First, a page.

Substantial educational inequalities in perinatal health were still present in Denmark in the first decade of the 21st century.

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          Most cited references23

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          Socioeconomic position and the risk of preterm birth--a study within the Danish National Birth Cohort.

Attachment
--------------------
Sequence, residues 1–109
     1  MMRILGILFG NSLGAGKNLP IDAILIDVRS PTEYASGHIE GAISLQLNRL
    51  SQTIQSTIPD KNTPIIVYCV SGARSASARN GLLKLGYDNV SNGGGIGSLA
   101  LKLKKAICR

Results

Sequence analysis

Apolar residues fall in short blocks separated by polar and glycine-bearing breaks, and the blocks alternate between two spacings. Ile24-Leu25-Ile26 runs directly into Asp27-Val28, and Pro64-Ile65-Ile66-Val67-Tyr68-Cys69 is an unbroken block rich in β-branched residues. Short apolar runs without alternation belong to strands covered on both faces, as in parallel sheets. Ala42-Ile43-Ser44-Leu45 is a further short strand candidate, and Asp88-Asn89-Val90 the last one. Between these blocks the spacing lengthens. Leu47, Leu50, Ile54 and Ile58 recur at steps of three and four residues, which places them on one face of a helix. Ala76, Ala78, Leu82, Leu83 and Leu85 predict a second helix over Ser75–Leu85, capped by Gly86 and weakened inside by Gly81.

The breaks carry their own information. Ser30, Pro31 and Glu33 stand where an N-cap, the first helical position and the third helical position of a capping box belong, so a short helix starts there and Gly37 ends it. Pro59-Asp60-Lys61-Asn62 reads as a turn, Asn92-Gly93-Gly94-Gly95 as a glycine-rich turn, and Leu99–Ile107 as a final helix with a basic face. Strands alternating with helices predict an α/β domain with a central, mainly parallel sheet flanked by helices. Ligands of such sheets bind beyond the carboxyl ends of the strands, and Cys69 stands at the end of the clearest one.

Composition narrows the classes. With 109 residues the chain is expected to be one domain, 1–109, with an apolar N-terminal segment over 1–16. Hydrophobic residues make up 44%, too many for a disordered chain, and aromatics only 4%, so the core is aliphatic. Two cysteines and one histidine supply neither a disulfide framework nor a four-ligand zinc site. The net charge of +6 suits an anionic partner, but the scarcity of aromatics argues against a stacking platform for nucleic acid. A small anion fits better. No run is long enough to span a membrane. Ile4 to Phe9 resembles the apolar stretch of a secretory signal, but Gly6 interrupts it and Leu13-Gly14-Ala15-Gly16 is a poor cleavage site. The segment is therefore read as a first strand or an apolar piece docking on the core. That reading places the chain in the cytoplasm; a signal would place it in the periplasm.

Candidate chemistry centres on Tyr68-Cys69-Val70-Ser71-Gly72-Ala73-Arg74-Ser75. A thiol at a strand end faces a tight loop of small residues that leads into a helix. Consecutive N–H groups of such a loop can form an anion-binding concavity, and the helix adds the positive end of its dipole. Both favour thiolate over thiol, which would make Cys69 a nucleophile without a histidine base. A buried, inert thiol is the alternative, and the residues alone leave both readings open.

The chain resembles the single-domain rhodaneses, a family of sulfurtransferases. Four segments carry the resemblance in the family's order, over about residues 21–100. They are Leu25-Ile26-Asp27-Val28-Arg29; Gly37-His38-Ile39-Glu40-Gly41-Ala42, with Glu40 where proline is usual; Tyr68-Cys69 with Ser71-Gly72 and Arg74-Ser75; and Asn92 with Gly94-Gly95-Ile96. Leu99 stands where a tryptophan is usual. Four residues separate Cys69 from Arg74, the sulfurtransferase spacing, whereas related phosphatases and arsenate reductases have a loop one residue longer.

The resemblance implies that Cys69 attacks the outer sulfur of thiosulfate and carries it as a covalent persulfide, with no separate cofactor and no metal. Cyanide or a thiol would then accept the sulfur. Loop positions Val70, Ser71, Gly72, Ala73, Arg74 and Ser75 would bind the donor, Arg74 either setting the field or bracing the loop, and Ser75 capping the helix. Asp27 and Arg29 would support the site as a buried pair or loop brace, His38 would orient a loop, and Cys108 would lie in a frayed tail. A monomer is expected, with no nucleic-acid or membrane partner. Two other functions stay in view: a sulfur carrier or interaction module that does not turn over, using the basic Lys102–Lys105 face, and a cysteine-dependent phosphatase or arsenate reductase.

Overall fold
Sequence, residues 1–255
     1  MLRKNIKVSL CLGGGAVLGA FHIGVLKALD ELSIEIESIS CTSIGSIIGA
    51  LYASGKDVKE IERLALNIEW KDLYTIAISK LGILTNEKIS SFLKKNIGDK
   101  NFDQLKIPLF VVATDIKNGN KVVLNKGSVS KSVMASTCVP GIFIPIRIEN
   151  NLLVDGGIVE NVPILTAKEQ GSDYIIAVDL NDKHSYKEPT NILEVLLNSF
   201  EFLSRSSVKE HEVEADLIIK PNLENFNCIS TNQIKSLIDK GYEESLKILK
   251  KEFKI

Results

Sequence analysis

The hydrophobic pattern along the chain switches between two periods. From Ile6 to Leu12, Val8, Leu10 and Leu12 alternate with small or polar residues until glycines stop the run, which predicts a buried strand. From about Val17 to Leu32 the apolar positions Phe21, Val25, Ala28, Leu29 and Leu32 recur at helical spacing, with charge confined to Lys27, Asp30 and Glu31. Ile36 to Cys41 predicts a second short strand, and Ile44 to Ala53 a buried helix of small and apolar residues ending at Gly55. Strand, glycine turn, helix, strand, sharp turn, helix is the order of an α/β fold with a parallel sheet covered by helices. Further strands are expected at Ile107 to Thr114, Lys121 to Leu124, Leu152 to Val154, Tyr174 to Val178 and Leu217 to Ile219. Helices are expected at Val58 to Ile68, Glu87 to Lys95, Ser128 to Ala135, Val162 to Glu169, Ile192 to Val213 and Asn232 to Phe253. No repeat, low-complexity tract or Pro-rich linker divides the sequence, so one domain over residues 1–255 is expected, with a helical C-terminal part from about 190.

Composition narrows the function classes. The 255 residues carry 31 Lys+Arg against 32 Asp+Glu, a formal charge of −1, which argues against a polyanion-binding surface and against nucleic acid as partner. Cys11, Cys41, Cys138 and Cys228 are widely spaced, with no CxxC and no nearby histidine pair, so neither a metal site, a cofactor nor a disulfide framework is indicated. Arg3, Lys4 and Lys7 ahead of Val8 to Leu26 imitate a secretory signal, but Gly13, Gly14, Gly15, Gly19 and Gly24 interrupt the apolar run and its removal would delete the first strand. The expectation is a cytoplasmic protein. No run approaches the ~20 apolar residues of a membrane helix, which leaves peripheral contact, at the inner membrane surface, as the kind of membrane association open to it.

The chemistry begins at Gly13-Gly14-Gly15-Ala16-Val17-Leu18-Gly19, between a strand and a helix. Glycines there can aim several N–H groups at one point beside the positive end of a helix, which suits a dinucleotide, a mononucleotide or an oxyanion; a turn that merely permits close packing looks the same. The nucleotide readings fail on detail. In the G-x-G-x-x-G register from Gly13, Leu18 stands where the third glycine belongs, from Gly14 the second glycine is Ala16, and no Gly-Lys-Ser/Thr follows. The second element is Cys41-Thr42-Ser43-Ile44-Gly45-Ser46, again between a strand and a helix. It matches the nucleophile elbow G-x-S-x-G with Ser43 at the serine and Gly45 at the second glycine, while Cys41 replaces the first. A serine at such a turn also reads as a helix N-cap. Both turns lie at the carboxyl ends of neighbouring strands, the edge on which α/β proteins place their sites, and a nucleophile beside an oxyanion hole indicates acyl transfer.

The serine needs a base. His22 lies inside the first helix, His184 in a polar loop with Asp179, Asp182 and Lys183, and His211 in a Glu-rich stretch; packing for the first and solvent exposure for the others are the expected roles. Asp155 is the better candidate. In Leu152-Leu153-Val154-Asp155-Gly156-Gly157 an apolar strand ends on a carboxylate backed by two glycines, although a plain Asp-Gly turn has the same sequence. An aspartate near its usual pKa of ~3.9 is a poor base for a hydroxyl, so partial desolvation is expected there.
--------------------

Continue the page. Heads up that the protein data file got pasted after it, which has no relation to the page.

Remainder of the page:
Low socioeconomic position is generally associated with increased risk of preterm birth, but it remains unclear whether the inequality depends on the socioeconomic measure used, if the associations differ according to the degree of prematurity, and how individual level risk factors mediate the association. The hazard ratios (HR) of preterm birth associated with five different measures of socioeconomic position and three degrees of preterm birth were analysed in a dataset of 75 890 singleton pregnancies (1996-2002) from the Danish National Birth Cohort. This, and the mediating role of selected individual level risk factors (smoking, alcohol consumption, binge drinking, pre-pregnancy body mass index, gestational weight gain) were estimated, using Cox regression analyses. Mothers with 12 years of education and the association interacted with parity, while income and occupation affected the risk to a lesser degree. The adjusted HR for less educated nulliparous and parous women were 1.22 (95% CI 1.04-1.42) and 1.56 (95% CI 1.31-1.87), respectively, compared with women with >12 years of education. For parous women with <10 years of education inclusion of smoking in the model decreased the HR of preterm birth to 1.43 (95% CI 1.19-1.72). Maternal educational level was the strongest predictor of preterm birth among five socioeconomic measures and the gradient did not differ significantly according to the degree of preterm birth. For parous women smoking explained some of the educational gradient but in general the selected risk factors only reduced the relative educational gradient in preterm birth marginally.